Psychic powers only muddy the future in Rebecca Rittenhouse’s Hulu series ‘Maggie’
If you see your future, can you still change it?
That’s the question at the heart of “Maggie,” the Hulu series starring Rebecca Rittenhouse as the eponymous psychic, who sees flashes of people’s futures, often without context. But when Maggie gets two conflicting visions of her own future, her entire life gets thrown off track.
“It’s really easy to get bogged down in (your head): if you’re making the wrong decision or being with the wrong person or choosing the wrong job,” Rittenhouse, 33, said.
“But that stops you from living your life, and that is the worst mistake to make. I know I could learn from that message personally, and I don’t actually have psychic powers.”
For the California-raised Rittenhouse, “Maggie” is a titular role she couldn’t see coming after years building up her resume in shows like Hulu’s “Four Weddings and a Funeral,” “The Mindy Project,” “The Red Band Society” and “Blood & Oil,” as well as playing Michelle Phillips, co-founder of The Mamas and The Papas, in Quentin Tarantino’s “Once Upon a Time in Hollywood.”
But she and the rest of the cast stressed the show is about the ensemble: It’s the family and friends that keep the psychic in the present.
Maggie has strict rules to separate church and state: she won’t do readings for friends, and she won’t tell them what they see if she accidentally catches a glimpse. But when she sees herself in a vision — a wedding, at that — while working a party, her maybe future husband Ben (David Del Rio) becomes inextricably embedded in her world, along with his sister (Angelique Cabral) and her husband (Leonardo Nam) and, unfortunately, his girlfriend (Chloe Bridges).
But “Maggie” intentionally never crosses into soap opera territory; it stays on the right side of the messy rom-com line without getting too dramatic. Maggie’s people, including best friend Lou (Nichole Sakura), parents (Chris Elliot and Kerri Kenney-Silver) and physic mentor Angel (Ray Ford), don’t let her get too deep in the moping.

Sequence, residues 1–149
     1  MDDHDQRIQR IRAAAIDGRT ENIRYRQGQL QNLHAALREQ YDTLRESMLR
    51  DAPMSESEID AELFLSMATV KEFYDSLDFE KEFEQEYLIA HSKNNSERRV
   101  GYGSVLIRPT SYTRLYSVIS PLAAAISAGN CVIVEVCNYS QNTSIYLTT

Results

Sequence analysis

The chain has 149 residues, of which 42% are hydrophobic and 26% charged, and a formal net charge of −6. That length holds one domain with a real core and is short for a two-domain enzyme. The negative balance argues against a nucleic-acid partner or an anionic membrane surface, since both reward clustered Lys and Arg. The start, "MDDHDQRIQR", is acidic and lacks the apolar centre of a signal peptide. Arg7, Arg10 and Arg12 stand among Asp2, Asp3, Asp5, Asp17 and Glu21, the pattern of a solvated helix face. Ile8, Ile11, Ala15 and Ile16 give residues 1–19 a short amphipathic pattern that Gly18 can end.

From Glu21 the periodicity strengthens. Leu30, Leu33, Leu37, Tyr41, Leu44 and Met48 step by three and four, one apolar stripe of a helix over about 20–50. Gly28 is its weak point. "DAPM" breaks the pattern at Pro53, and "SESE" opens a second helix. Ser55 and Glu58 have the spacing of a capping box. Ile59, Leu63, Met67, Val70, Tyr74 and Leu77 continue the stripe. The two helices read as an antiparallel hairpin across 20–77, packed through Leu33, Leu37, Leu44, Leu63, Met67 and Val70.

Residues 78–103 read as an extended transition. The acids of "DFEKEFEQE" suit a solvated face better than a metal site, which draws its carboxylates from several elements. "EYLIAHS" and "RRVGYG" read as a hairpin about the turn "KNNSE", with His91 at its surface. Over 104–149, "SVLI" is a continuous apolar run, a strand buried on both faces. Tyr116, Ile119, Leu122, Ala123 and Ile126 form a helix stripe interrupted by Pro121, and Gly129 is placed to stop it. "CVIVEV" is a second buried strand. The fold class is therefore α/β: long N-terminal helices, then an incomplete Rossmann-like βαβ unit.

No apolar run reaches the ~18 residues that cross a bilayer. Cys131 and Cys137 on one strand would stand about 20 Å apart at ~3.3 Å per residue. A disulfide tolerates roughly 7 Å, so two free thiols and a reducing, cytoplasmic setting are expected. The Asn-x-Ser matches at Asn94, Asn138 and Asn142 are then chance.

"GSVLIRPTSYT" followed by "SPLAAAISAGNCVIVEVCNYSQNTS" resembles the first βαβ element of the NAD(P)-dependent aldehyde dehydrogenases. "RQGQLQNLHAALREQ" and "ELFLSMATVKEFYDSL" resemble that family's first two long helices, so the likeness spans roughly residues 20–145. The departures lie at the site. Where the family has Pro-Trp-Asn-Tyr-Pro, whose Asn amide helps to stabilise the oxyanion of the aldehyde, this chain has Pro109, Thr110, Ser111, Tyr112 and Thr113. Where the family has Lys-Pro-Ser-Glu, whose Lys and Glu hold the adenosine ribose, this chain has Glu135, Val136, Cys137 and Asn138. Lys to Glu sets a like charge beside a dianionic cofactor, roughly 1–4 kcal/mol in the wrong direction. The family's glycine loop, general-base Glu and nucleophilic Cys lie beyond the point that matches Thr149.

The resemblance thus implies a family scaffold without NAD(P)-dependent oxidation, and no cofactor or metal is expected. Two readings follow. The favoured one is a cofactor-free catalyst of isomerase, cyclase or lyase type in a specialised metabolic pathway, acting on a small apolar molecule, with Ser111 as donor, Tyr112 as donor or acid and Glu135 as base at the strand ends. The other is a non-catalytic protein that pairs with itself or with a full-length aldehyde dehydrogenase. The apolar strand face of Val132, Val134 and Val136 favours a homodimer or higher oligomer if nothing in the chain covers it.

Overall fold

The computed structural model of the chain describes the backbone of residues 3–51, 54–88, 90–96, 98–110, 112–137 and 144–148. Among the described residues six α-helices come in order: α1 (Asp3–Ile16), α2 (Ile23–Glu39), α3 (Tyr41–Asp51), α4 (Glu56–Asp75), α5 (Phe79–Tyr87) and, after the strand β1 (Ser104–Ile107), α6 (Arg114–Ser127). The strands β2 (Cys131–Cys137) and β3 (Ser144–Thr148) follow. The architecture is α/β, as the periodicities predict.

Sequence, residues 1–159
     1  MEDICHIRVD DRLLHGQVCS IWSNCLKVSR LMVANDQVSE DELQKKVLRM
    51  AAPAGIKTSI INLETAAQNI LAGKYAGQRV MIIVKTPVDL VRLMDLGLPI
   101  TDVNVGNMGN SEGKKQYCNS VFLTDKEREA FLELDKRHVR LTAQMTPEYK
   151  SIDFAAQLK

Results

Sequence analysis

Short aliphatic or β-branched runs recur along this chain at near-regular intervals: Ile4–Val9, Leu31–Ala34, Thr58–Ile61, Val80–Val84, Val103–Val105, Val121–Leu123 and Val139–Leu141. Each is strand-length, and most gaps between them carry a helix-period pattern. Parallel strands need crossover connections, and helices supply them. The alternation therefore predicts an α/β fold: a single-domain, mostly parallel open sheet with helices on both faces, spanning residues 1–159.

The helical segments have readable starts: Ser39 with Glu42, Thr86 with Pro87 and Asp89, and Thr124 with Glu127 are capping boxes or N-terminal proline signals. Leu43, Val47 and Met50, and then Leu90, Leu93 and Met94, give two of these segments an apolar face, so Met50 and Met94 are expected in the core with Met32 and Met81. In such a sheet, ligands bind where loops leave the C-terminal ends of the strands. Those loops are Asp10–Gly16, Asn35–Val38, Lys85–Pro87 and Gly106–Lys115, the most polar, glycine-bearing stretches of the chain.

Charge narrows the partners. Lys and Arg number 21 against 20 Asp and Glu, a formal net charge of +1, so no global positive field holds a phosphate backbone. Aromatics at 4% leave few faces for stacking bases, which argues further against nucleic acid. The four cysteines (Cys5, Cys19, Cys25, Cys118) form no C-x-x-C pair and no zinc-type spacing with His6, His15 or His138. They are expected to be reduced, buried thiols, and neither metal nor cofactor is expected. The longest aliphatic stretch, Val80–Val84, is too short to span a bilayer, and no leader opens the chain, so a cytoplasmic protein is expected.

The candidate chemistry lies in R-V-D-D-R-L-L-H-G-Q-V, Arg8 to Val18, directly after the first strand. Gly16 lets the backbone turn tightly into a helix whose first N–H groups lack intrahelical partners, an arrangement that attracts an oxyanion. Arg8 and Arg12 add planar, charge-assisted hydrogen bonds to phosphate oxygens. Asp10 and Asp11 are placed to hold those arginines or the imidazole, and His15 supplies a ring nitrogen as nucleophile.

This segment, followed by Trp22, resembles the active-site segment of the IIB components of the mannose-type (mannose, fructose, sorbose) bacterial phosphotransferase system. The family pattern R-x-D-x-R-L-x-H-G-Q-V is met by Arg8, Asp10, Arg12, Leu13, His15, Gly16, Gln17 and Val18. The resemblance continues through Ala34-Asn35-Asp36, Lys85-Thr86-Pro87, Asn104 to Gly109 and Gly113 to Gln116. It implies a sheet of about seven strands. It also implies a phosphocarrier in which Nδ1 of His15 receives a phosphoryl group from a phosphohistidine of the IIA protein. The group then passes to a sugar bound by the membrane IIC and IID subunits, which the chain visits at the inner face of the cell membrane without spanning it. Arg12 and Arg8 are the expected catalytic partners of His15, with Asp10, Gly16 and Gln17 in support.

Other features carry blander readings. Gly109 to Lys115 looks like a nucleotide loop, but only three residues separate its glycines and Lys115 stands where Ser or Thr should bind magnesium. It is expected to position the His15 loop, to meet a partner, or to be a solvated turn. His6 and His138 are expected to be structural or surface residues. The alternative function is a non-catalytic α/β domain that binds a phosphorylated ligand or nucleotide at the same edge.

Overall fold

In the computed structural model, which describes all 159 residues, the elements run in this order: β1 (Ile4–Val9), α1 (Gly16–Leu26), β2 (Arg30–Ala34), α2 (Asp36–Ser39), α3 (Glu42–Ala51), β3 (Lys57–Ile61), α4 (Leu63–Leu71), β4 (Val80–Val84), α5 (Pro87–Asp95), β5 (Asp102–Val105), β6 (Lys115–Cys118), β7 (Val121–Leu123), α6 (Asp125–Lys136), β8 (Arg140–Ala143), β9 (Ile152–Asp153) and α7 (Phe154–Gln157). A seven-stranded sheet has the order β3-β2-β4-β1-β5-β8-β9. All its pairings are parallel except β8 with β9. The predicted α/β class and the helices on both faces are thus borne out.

So instead, the show stays breezy, despite the love triangle.
“Not everything has to be so heavy and dramatic,” Cabral, who plays the slightly neurotic Amy. “This will be a breath of fresh air for people. Take it for what it is. We’re not trying to change the world. We’re just trying to have a nice, fun show.”
Elliot, who plays dad Jack, compared it with “Bewitched” or “I Dream of Jeannie,” sitcoms of old that starred superpowered women long before Elizabeth Olsen took over “WandaVision.”
“You get a really nice family story that doesn’t get you uptight or full of anxiety,” he said.
But Maggie’s psychic visions hang over everything, not full-fledged visions but flashes of moments like puzzle pieces she has to put together.
“As a parent, I feel like we often operate on a psychic fear, but it’s really more of a projection. If my student wakes up late for school, that means, of course, they’re going to end up incarcerated. If my son does not finish his vegetables, then, of course, he’s going to murder someone,” Kenney-Silver, who plays Maggie’s mom, said.
“Just calming down and going with the flow a little more and trusting that everything you do is going to equal some better future for yourself and your family is the way to go.”
That, of course, is easier said than done. It’s why Maggie tries so hard to avoid seeing the futures of her friends, because once you’ve seen it, how do you unsee it? How do you avoid tampering if it’s bad, or even if it’s good, directing the fates to their inevitable conclusions?
The trick is to “just be OK living in the present,” said Sakura, who plays Maggie’s best friend.
“I feel like that’s what we learn from seeing Maggie and all the problems she’s creating,” she said. “We all do that with our anxiety and all the stories we’re creating in our heads. I’m going to just live life for the now and deal with the future later.”